I live for those little moments of synchronicity, where different interests come together or overlap in interesting ways. I try not to be too superstitious, but when the stars align just so, it’s hard not to take it as a cosmic “thumbs-up” that you’re headed in the right direction.
I had one of these moments recently in the process of researching for my dissertation. I’m looking at the ways that 19th- and early 20th-century Russians used medieval imagery and allusions in the creation of modern art and objects, and one hallmark medieval element is a decorative cyrillic script that adorns churches, monuments, and manuscripts. Here it is in its medieval form, on a church bell in Novgorod:
Here it is in its 19th-century incarnation, in a menu prepared for the coronation of Tsar Nicholas II in 1896:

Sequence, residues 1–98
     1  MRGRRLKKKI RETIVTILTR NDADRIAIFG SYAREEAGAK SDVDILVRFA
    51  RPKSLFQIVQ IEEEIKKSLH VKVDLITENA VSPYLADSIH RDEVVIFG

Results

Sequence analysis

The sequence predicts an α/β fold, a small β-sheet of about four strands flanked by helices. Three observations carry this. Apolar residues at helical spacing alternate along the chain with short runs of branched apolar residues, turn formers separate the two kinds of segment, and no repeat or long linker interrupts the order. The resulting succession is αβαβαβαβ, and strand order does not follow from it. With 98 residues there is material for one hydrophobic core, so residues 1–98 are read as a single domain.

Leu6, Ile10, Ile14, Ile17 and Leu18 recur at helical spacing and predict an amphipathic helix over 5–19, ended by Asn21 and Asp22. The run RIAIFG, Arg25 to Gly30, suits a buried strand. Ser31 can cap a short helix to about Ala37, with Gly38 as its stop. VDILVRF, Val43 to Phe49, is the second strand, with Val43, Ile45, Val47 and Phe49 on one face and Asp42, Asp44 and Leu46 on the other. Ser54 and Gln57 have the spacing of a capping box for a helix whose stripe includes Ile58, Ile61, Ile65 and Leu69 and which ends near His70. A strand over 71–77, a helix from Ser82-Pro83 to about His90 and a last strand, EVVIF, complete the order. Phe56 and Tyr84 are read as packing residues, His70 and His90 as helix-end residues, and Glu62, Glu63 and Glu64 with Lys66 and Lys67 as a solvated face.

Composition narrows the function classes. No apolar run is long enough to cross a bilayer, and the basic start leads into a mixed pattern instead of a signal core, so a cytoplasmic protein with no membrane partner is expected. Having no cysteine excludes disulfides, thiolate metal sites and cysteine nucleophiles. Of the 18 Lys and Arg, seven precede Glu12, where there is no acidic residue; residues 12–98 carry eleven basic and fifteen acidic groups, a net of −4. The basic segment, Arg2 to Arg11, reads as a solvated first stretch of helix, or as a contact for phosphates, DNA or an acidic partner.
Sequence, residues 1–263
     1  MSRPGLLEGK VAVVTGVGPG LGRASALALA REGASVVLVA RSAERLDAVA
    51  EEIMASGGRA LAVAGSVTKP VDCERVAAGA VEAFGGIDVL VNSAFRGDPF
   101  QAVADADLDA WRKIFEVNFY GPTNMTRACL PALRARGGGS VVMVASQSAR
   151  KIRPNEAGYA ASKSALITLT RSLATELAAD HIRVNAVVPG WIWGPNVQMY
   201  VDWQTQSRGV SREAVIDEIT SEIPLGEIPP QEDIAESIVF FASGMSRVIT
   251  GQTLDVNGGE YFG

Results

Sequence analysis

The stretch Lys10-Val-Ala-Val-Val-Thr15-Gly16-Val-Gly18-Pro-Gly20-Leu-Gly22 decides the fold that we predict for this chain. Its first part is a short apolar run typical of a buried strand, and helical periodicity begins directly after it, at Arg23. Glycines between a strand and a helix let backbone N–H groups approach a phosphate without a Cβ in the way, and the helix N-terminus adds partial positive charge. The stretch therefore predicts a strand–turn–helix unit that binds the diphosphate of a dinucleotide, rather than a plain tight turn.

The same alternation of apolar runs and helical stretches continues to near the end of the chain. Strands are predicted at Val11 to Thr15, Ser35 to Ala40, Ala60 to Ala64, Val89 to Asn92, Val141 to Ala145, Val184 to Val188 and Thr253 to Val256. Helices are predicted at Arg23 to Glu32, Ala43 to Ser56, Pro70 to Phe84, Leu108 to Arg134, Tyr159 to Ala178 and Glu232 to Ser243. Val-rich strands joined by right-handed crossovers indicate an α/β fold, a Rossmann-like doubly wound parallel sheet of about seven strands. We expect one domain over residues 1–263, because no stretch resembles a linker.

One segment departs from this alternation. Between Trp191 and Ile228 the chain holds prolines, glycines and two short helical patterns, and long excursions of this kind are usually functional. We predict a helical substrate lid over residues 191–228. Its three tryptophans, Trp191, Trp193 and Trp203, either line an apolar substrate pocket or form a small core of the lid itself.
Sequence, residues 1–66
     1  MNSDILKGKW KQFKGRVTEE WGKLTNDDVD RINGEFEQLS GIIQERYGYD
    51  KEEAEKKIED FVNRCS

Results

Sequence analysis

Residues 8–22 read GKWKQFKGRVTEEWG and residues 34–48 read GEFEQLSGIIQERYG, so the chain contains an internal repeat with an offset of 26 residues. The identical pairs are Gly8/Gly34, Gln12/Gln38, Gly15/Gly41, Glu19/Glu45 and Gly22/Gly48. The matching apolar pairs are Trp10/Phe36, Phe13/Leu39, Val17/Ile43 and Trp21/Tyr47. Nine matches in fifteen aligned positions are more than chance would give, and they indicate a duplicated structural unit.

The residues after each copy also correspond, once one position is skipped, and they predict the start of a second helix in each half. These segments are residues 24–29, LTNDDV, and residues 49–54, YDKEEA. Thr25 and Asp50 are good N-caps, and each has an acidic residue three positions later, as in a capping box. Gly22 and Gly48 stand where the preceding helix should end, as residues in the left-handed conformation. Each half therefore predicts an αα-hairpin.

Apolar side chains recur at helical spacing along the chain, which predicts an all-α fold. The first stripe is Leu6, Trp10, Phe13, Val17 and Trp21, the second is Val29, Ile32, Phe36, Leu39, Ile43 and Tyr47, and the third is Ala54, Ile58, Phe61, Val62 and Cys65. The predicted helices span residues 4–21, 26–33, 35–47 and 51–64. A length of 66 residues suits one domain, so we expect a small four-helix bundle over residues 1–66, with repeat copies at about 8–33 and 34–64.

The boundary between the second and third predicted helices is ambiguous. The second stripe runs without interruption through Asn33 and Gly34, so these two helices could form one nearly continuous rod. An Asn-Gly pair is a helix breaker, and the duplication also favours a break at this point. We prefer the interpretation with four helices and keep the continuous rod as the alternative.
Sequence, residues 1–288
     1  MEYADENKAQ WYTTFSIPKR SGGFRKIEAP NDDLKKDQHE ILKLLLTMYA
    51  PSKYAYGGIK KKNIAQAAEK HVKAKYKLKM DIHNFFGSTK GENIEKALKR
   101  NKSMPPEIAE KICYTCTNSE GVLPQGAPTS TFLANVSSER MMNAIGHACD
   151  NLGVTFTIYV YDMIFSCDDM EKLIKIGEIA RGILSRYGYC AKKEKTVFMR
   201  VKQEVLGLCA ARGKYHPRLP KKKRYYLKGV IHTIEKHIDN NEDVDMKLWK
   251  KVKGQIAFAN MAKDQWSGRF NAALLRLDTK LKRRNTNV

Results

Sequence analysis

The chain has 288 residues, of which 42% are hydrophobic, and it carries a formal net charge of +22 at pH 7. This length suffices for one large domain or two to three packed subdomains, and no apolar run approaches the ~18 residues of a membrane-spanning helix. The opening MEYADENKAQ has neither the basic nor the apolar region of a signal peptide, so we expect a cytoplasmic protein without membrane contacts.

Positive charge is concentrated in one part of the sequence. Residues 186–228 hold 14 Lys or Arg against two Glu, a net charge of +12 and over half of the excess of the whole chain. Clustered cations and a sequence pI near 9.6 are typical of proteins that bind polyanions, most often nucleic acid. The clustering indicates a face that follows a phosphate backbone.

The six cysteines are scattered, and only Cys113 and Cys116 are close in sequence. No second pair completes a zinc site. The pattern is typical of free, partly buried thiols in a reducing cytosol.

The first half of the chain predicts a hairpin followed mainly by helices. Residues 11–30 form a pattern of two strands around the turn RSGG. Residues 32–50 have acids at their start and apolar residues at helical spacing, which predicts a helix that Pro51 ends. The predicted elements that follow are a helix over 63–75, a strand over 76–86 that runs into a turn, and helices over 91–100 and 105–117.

Wanting to talk about it intelligently, I set about finding its proper name. “Decorative majuscule” was just not going to cut it, even though that’s the best description I could find for its Byzantine predecessor, as we see here in the Theodore Psalter:
What is it called? After a whole half hour of tireless searching, I found my answer, and it was a delightful one – this script is called vyaz’ (вязь), which is very closely related to the word vyazat’ (вязать), meaning “to knit”! That’s right, friends, this is “knitted” calligraphy (more accurately, probably, intertwined, or knotted, but I’m taking some liberties here…). Sweet!